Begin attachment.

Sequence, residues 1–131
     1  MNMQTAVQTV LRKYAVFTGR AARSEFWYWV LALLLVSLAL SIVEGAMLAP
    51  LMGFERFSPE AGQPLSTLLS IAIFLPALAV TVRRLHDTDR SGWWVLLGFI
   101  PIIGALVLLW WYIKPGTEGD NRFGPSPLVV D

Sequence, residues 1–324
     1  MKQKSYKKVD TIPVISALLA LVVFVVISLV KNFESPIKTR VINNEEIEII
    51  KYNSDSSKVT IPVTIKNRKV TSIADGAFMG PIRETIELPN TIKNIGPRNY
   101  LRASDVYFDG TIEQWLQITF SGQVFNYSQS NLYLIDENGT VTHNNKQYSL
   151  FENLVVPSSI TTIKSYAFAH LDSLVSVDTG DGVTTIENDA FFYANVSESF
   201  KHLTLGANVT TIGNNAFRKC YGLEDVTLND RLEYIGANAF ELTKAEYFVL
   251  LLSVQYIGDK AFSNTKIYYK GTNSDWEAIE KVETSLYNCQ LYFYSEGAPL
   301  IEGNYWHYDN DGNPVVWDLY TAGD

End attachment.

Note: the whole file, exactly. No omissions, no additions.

Sequence, residues 1–131
     1  MNMQTAVQTV LRKYAVFTGR AARSEFWYWV LALLLVSLAL SIVEGAMLAP
    51  LMGFERFSPE AGQPLSTLLS IAIFLPALAV TVRRLHDTDR SGWWVLLGFI
   101  PIIGALVLLW WYIKPGTEGD NRFGPSPLVV D

Sequence, residues 1–324
     1  MKQKSYKKVD TIPVISALLA LVVFVVISLV KNFESPIKTR VINNEEIEII
    51  KYNSDSSKVT IPVTIKNRKV TSIADGAFMG PIRETIELPN TIKNIGPRNY
   101  LRASDVYFDG TIEQWLQITF SGQVFNYSQS NLYLIDENGT VTHNNKQYSL
   151  FENLVVPSSI TTIKSYAFAH LDSLVSVDTG DGVTTIENDA FFYANVSESF
   201  KHLTLGANVT TIGNNAFRKC YGLEDVTLND RLEYIGANAF ELTKAEYFVL
   251  LLSVQYIGDK AFSNTKIYYK GTNSDWEAIE KVETSLYNCQ LYFYSEGAPL
   301  IEGNYWHYDN DGNPVVWDLY TAGD